Methods For S3 and S4 Dispatch

Description

The S3 and S4 software in R are two generations implementing functional object-oriented programming. S3 is the original, simpler for initial programming but less general, less formal and less open to validation. The S4 formal methods and classes provide these features but require more programming.

In modern R, the two versions attempt to work together. This documentation outlines how to write methods for both systems by defining an S4 method for a function that dispatches S3 methods.

The systems can also be combined by using an S3 class with S4 method dispatch or in S4 class definitions. See setOldClass.

S3 Method Dispatch

The R evaluator will ‘dispatch’ a method from a function call either when the body of the function calls the special primitive UseMethod or when the call is to one of the builtin primitives such as the math functions or the binary operators.

S3 method dispatch looks at the class of the first argument or the class of either argument in a call to one of the primitive binary operators. In pure S3 situations, ‘class’ in this context means the class attribute or the implied class for a basic data type such as "numeric". The first S3 method that matches a name in the class is called and the value of that call is the value of the original function call. For details, see S3Methods.

In modern R, a function meth in a package is registered as an S3 method for function fun and class Class by including in the package's NAMESPACE file the directive

S3method(fun, Class, meth)

By default (and traditionally), the third argument is taken to be the function fun.Class; that is, the name of the generic function, followed by ".", followed by the name of the class.

As with S4 methods, a method that has been registered will be added to a table of methods for this function when the corresponding package is loaded into the session. Older versions of R, copying the mechanism in S, looked for the method in the current search list, but packages should now always register S3 methods rather than requiring the package to be attached.

Methods for S4 Classes

Two possible mechanisms for implementing a method corresponding to an S4 class, there are two possibilities are to register it as an S3 method with the S4 class name or to define and set an S4 method, which will have the side effect of creating an S4 generic version of this function.

For most situations either works, but the recommended approach is to do both: register the S3 method and supply the identical function as the definition of the S4 method. This ensures that the proposed method will be dispatched for any applicable call to the function.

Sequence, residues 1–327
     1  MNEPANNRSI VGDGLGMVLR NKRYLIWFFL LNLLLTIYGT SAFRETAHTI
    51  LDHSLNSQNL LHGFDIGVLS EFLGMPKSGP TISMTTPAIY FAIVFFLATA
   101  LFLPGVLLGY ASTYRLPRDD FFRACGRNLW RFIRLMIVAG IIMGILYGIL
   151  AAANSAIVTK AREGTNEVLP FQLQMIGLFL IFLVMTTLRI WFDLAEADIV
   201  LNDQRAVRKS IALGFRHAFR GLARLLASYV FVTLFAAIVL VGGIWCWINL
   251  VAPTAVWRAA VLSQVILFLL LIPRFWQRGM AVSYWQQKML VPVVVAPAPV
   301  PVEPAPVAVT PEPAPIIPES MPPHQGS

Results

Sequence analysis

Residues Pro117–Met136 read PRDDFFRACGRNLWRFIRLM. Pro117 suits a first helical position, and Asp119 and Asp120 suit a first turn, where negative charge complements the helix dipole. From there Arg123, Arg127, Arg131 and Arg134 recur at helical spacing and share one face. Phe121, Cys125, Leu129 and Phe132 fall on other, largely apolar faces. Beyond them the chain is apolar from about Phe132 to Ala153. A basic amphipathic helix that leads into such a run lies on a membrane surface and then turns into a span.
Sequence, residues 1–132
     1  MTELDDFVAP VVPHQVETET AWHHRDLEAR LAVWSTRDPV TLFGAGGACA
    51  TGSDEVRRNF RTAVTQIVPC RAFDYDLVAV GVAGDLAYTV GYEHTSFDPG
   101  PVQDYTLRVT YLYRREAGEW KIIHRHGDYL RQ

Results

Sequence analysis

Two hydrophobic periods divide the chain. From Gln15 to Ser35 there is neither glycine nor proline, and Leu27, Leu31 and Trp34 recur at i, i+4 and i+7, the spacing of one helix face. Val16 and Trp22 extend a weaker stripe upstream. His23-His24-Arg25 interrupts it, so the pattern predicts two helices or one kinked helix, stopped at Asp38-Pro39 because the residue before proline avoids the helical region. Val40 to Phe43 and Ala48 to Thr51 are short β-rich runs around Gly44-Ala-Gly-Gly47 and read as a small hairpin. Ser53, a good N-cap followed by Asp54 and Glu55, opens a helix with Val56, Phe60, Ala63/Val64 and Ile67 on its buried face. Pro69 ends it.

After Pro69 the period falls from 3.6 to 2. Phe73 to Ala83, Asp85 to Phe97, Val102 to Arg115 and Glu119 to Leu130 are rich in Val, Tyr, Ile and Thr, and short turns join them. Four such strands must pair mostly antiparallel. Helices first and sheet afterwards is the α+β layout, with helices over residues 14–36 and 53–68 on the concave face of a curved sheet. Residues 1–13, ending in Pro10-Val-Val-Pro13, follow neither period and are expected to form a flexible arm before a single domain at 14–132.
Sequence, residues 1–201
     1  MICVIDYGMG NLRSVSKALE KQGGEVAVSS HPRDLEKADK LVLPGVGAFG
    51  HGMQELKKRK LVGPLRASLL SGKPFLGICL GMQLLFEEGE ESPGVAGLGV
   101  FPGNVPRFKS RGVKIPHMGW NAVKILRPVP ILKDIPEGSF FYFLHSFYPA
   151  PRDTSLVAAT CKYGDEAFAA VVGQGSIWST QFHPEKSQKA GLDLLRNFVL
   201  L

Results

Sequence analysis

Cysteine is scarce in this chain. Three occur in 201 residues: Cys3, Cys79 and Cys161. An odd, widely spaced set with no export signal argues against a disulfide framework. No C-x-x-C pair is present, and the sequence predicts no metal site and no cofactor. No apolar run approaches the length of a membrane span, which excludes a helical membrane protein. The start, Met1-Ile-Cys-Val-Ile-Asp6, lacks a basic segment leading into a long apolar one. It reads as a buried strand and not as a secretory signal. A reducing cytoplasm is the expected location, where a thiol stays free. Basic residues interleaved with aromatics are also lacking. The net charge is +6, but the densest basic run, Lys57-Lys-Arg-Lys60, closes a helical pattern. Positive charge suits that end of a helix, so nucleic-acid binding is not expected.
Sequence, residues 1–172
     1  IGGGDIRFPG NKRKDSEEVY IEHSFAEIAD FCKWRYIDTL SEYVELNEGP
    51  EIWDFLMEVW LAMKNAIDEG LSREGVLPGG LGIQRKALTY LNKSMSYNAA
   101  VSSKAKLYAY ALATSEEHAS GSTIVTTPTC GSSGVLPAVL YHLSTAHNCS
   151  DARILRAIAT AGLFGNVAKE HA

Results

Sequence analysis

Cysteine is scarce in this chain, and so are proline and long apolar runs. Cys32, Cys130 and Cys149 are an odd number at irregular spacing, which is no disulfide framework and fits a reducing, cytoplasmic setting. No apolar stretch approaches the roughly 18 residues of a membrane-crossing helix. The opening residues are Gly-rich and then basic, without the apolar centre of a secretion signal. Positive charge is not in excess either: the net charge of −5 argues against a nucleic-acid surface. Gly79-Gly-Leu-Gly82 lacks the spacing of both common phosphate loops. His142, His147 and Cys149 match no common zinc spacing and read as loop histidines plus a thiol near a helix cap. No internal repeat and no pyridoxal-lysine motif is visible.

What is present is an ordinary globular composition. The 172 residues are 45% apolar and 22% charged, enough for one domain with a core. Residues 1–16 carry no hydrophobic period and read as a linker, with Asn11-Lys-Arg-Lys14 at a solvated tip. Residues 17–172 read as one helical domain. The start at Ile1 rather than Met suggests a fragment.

As an example, suppose an S4 class "uncased" is defined, extending "character" and intending to ignore upper- and lower-case. The base function unique dispatches S3 methods. To define the class and a method for this function:

setClass("uncased", contains = "character")

unique.uncased <- function(x, incomparables = FALSE, ...) nextMethod(tolower(x))

setMethod("unique", "uncased", unique.uncased)

In addition, the NAMESPACE for the package should contain:

S3method(unique, uncased)

exportMethods(unique)

The result is to define identical S3 and S4 methods and ensure that all calls to unique will dispatch that method when appropriate.

Details

The reasons for defining both S3 and S4 methods are as follows:

  1. An S4 method alone will not be seen if the S3 generic function is called directly. This will be the case, for example, if some function calls unique() from a package that does not make that function an S4 generic.

    However, primitive functions and operators are exceptions: The internal C code will look for S4 methods if and only if the object is an S4 object. S4 method dispatch would be used to dispatch any binary operator calls where either of the operands was an S4 object, for example.

  2. An S3 method alone will not be called if there is any eligible non-default S4 method.

    So if a package defined an S3 method for unique for an S4 class but another package defined an S4 method for a superclass of that class, the superclass method would be chosen, probably not what was intended.

S4 and S3 method selection are designed to follow compatible rules of inheritance, as far as possible. S3 classes can be used for any S4 method selection, provided that the S3 classes have been registered by a call to setOldClass, with that call specifying the correct S3 inheritance pattern. S4 classes can be used for any S3 method selection; when an S4 object is detected, S3 method selection uses the contents of extends(class(x)) as the equivalent of the S3 inheritance (the inheritance is cached after the first call).

For the details of S4 and S3 dispatch see Methods_Details and S3Methods.

References

Chambers, John M. (2016) Extending R, Chapman & Hall. (Chapters 9 and 10.)

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